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Baker v. Berryhill

United States District Court, N.D. Alabama, Jasper Division

February 20, 2018

PAULA BAKER, Plaintiff,
NANCY A. BERRYHILL, Acting Commissioner Social Security Administration, Defendant.


          VIRGINIA EMERSON HOPKINS, United States District Judge

          I. Introduction

         Plaintiff Paula Baker (“Baker”) brings this action under 42 U.S.C. § 405(g). Baker seeks a review of a final adverse decision of the Commissioner of the Social Security Administration (“Commissioner”), who denied her application for disability insurance benefits (“DIB”). Baker filed her application on September 26, 2013. After that, Baker exhausted the administrative remedies available before the Commissioner. This case is now ripe for judicial review under section 205(g) of the Social Security Act (the “Act”), 42 U.S.C. § 405(g).

         After reviewing the entire record and the arguments set forth, this Court REVERSES and REMANDS the decision of the Commissioner.

          II. Relevant Background

          Baker was 52 years old at the time the ALJ issued his decision. (Tr. 21). She is high school educated, and she can “communicate in English”. (Id.). Her past relevant work includes being a special education bus driver. (Id.). The alleged onset date is September 11, 2013. (Id. at 11). On September 26, 2013, “[she] filed an application for a period of disability and disability insurance benefits.” (Id.). The Social Security Administration denied that application on November 7, 2013. (Id.). On April 20, 2015, Administrative Law Judge Jerome L. Munford held a hearing in Jasper, Alabama. (Id.). The ALJ issued his decision on June 26, 2015, which was unfavorable to Baker. (Id. at 22). The ALJ determined that Baker suffers from numerous severe impairments but found that her impairments did not meet the severity of the ones included in the Code of Federal Regulations. (Id. at 13-16). The ALJ also determined that Baker could still perform substantial gainful activity. (Id. at 21-22). Baker requested the Appeals Council review her claim. (Id. at 1-4). They refused. (Id.).

         Baker filed her Complaint in the Northern District of Alabama on December 7, 2016. (Doc. 1). She filed her brief in support of her Complaint on July 27, 2017. (Doc. 12). The Commissioner responded on August 23, 2017. (Doc. 16).

         III. Standards

         The court's review of the Commissioner's decision is narrowly circumscribed. The function of this court is to determine whether the decision of the Commissioner is supported by substantial evidence and whether proper legal standards were applied. Richardson v. Perales, 402 U.S. 389, 390 (1971); Wilson v. Barnhart, 284 F.3d 1219, 1221 (11th Cir. 2002). This court must “scrutinize the record as a whole to determine if the decision reached is reasonable and supported by substantial evidence.” Bloodsworth v. Heckler, 703 F.2d 1233, 1239 (11th Cir. 1983). This court will determine that the ALJ's opinion is supported by substantial evidence if it finds “such relevant evidence as a reasonable person would accept as adequate to support a conclusion.” Id. Substantial evidence is “more than a scintilla, but less than a preponderance.” Id. Factual findings that are supported by substantial evidence must be upheld by the court.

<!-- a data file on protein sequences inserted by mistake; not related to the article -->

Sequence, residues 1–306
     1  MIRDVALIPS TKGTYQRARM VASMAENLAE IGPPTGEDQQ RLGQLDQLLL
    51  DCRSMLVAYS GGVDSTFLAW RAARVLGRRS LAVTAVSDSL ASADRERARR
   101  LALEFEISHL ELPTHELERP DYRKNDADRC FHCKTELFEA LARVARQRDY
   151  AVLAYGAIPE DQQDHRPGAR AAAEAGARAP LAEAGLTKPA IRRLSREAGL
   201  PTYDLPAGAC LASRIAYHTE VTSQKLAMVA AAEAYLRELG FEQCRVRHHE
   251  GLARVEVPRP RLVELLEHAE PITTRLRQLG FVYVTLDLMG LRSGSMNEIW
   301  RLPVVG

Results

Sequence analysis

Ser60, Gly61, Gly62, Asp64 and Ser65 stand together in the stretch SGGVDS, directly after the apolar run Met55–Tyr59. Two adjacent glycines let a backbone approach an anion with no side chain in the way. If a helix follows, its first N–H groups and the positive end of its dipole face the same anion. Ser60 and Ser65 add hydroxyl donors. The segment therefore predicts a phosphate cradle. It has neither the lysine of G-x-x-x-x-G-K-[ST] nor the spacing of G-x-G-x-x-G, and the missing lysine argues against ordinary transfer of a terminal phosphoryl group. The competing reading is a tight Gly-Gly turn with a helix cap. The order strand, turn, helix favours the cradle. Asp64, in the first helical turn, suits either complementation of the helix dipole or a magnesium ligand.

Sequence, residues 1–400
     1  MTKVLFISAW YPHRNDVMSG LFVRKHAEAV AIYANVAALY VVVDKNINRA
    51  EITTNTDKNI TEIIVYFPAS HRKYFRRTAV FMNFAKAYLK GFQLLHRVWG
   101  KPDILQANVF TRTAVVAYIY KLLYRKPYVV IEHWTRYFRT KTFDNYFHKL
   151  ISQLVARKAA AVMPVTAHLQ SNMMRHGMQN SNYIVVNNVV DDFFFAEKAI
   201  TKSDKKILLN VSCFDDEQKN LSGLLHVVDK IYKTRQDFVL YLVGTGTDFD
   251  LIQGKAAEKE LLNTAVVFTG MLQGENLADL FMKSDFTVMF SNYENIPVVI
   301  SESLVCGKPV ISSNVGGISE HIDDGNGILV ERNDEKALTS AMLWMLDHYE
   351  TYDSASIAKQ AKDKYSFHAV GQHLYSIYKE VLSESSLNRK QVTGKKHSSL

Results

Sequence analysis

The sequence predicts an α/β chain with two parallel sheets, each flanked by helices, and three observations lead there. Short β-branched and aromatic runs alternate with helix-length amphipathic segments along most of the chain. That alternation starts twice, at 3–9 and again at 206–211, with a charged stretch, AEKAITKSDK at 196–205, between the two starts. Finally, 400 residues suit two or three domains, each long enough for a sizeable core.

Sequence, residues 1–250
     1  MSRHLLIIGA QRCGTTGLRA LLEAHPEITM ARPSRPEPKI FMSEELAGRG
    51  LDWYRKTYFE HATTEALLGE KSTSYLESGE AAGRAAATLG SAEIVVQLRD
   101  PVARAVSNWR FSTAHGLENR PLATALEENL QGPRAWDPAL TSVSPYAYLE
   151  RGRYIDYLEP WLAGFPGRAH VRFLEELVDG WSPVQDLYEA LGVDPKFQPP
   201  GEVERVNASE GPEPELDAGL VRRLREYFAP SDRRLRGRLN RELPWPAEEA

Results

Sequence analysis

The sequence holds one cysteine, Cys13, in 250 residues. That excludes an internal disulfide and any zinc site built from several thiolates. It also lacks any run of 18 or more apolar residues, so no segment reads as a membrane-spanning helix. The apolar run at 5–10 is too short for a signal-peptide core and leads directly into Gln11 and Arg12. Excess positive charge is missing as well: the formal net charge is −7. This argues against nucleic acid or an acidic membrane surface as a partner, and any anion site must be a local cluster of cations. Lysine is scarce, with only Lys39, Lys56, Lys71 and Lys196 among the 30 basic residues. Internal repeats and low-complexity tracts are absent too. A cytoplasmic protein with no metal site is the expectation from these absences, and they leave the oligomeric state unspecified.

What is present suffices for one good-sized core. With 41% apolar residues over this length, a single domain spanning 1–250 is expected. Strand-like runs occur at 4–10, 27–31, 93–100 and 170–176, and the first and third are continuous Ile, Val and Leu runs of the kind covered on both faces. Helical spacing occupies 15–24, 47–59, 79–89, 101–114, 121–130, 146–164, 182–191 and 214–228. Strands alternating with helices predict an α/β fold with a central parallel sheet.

The ALJ's legal conclusions, however, are reviewed de novo, because no presumption of validity attaches to the ALJ's determination of the proper legal standards to be applied. Davis v. Shalala, 985 F.2d 528, 531 (11th Cir. 1993). If the court finds an error in the ALJ's application of the law, or if the ALJ fails to provide the court with sufficient reasoning for determining that the proper legal analysis has been conducted, the ALJ's decision must be reversed. Cornelius v. Sullivan, 936 F.2d 1143, 1145-46 (11th Cir. 1991).

         IV. Statutory and Regulatory Framework

          To qualify for disability benefits and establish his or her entitlement for a period of disability, a claimant must be disabled as defined by the Social Security Act and the Regulations promulgated thereunder.[2] The Regulations define “disabled” as “the inability to do any substantial gainful activity by reason of any medically determinable physical or mental impairment which can be expected to result in death or which has lasted or can be expected to last for a continuous period of not less than twelve (12) months.” 20 C.F.R. § 404.1505(a). To establish an entitlement to disability benefits, a claimant must provide evidence about a “physical or mental impairment” that “must result from anatomical, physiological, or psychological abnormalities which can be shown by medically acceptable clinical and laboratory diagnostic techniques.” 20 C.F.R. § 404.1508.

         The Regulations provide a five-step process for determining whether a claimant is disabled. 20 C.F.R. § 404.1520(a)(4)(i-v). The Commissioner must determine in sequence:

(1) whether the claimant is currently employed;
(2) whether the claimant has a severe impairment;
(3) whether the claimant's impairment meets or equals an impairment listed by ...

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